Earth is due another “magnetic disaster” similar to the one that wiped out the Neanderthals, scientists have warned.
They claim the apocalyptic event, which left the planet exposed to cosmic radiation from space after its magnetic field collapsed, could happen again.
It caused the magnetic field – which protects Earth from deadly particles emitted by the sun – to dramatically weaken.
Researchers from the University of New South Wales say it caused lightning storms, “crimson skies” and extreme UV radiation, while the ozone layer was destroyed.
The disaster sparked major climate shifts that led to mass extinctions, according to the scientists.
They are now concerned there could be an upcoming reversal of the poles.
Professor Christopher Fogwill, from Keele University who was a coauthor on the study, said: “We suspect there is something on the way. It’s logical.”
Professor Chris Turney said: “We essentially had no magnetic field at all – our cosmic radiation shield was totally gone.”
He added that “unfiltered radiation from space” caused “a ripple of climate change across the globe”.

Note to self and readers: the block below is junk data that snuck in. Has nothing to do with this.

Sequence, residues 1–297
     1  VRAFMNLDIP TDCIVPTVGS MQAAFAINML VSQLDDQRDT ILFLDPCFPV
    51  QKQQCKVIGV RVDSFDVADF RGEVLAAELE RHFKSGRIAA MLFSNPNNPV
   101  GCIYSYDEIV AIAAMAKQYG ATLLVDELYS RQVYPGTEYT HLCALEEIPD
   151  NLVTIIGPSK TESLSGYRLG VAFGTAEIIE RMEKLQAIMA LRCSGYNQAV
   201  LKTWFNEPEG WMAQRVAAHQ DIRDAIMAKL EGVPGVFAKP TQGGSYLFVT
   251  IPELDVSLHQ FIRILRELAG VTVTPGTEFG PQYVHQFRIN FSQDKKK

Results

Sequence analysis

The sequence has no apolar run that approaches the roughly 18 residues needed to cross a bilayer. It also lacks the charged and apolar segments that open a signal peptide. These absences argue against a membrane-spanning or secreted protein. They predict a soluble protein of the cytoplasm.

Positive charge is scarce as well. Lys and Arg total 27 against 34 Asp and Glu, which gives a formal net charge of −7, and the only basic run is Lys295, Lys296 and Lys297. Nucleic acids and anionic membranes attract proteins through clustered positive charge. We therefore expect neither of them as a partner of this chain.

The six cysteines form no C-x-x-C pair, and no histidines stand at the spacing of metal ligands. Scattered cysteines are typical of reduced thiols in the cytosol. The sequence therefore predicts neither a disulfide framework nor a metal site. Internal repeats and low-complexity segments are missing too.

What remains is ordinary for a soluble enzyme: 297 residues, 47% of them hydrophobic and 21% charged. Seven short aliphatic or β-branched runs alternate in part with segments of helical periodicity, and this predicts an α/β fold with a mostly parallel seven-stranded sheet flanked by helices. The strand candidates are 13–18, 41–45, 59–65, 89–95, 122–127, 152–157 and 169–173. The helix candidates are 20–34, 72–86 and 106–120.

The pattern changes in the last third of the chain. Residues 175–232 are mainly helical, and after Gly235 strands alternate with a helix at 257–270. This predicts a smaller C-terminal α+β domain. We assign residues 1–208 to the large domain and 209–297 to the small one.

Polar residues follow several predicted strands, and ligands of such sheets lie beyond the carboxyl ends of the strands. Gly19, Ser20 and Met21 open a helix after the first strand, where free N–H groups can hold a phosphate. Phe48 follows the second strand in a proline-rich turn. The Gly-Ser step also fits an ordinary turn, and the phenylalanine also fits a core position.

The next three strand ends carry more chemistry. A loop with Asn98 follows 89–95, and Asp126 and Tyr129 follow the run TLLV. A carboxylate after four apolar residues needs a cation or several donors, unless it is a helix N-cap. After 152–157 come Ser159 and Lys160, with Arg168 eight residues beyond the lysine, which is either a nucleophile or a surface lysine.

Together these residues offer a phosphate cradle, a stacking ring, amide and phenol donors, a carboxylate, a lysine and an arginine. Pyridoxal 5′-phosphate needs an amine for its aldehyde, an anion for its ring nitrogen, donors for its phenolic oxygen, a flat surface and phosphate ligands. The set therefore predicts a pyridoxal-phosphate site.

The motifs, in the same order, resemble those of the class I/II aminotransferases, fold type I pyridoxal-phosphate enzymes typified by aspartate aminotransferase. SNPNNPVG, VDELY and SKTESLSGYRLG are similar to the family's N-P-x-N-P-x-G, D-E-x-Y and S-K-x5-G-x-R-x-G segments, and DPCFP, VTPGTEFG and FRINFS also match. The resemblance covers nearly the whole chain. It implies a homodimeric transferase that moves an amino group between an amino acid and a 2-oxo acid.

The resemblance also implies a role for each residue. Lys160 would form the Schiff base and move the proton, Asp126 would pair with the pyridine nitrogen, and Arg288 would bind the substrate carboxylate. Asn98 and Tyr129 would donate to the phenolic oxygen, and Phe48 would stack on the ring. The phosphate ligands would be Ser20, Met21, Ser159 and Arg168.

Lightning strikes would have caused waves of wildfires, while the Neanderthals were cleared out in Europe.
In Australia, every animal larger than a kangaroo vanished, the Times reported.
Humans are thought to have been able to adapt to the ravaged planet, with cave art suggesting they sheltered from UV radiation outside.
Professor Alan Cooper, from the South Australian Museum, said: “It must have seemed like the end of days.
“If a similar event happened today, the consequences would be huge for modern society.
“Incoming cosmic radiation would destroy our electric power grids and satellite networks.”
Scientists discovered the timing and impacts of the disaster by analysing the carbon content of ancient kauri trees in Zealand.
They have dubbed it the “Adams Event”, a nod to science fiction writer Douglas Adams.
In his book The Hitchhiker’s Guide to the Galaxy, he suggested the number 42 was the answer to life, the universe, and everything.
Researchers found the growth of ice sheets and glaciers over North America, along with tropical storm systems, could be traced back to the event.
The study was published in the journal Science.